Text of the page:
Christian Science Testimony

         Easter Sunday, I was called to an adjoining town to treat a young lady supposed to be dying. Her brother had been told by the doctor who had been called in consultation, to go to her immediately if he wished to see her alive.

         She had been ill for ten weeks, the diseases multiplying as time wore on, till even reason gave way and she wandered in delusions, the most dreadful dreams, night and day.

         The brother, who was a young Scientist, went to see her, not as did her other relatives, expecting death, but declaring Life. He stood by the bed, realizing the Truth that Life can never end in death, when his sister became conscious and asked what he was doing. He told her, and offered to go for me. She consented. Other members of the family thought it foolish to ask Christian Science to begin where man had failed. But all agreed as there was nothing to be lost and all to be gained, because they had given up all hope of recovery.

         For three days the warfare between the evidences of the physical senses and the spiritual facts was unceasingly waged. The fear of death was so strong that mortification had set in. As a result of medicine, her mouth was in a dreadful state from salivation. The mother said, "If, by miracle, her life should be saved, can we dare hope for the return of her reason?" I answered, "God does not leave His work half done."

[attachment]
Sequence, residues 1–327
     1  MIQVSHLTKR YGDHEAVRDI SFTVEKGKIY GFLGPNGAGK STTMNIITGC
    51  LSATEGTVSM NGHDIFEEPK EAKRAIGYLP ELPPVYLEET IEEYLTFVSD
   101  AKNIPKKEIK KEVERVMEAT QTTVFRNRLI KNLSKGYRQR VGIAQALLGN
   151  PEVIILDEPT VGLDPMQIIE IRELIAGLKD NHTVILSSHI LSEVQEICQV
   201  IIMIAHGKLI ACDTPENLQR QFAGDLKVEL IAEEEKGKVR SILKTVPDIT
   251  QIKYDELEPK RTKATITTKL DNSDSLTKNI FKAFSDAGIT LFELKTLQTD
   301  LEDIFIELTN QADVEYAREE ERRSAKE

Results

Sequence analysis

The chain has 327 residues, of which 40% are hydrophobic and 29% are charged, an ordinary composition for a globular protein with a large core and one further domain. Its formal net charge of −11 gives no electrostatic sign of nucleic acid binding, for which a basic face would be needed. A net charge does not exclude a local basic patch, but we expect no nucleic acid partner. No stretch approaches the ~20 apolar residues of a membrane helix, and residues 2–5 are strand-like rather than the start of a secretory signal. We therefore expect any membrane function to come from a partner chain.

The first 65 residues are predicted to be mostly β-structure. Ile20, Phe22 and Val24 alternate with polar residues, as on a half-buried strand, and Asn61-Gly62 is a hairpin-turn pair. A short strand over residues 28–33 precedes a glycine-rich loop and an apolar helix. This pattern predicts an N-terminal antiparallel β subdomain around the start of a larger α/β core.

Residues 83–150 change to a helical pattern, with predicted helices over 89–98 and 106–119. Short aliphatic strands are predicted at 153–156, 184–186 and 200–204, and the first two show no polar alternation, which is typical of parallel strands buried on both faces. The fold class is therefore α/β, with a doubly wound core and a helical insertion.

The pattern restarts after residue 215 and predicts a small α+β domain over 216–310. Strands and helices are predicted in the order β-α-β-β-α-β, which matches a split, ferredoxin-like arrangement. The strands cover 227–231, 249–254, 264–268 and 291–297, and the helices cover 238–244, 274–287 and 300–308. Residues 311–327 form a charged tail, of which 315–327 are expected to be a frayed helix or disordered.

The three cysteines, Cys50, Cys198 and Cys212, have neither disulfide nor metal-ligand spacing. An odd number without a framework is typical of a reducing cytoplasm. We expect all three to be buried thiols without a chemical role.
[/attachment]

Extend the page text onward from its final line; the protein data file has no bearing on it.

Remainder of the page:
One night she lay pleading with imaginary Indians to spare her life, not to kill her. I went to her and she shrank from me, seeing in me another Indian. I repeated audibly over and over the "Scientific Statement of Being" (Science and Health with Key to the Scriptures, p. 464). Presently the light of reason began to dawn in those wild eyes, then a flood of tears, and she said, "That saved me; nothing could hurt me when you were saying that." And she went quietly to sleep. When she awoke from that sleep the next afternoon she knew us all, and asked for something to eat, and she ate with that salivated mouth. Though error had to be vigorously denied many times after this, the recovery was sure and the way one of joy. At the expiration of two weeks she took a twelve-mile ride. The last error to disappear was the one the doctor had been originally called to treat.

Anna C. Wyeth
Enid, Oklahoma


"Notes from the Field"
The Christian Science Journal, February, 1900

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